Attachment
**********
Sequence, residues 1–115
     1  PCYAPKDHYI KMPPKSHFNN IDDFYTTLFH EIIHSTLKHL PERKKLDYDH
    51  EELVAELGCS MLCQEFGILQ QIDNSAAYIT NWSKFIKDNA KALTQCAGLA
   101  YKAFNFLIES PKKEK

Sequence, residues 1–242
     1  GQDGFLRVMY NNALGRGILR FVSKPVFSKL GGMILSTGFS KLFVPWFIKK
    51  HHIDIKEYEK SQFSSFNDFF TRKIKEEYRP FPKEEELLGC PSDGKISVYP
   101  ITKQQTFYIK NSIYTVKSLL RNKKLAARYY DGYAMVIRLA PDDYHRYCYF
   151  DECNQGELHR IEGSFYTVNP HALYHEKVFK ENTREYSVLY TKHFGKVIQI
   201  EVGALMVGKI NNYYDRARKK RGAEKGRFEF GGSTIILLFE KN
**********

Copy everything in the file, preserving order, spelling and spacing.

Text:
Sequence, residues 1–115
     1  PCYAPKDHYI KMPPKSHFNN IDDFYTTLFH EIIHSTLKHL PERKKLDYDH
    51  EELVAELGCS MLCQEFGILQ QIDNSAAYIT NWSKFIKDNA KALTQCAGLA
   101  YKAFNFLIES PKKEK

Sequence, residues 1–242
     1  GQDGFLRVMY NNALGRGILR FVSKPVFSKL GGMILSTGFS KLFVPWFIKK
    51  HHIDIKEYEK SQFSSFNDFF TRKIKEEYRP FPKEEELLGC PSDGKISVYP
   101  ITKQQTFYIK NSIYTVKSLL RNKKLAARYY DGYAMVIRLA PDDYHRYCYF
   151  DECNQGELHR IEGSFYTVNP HALYHEKVFK ENTREYSVLY TKHFGKVIQI
   201  EVGALMVGKI NNYYDRARKK RGAEKGRFEF GGSTIILLFE KN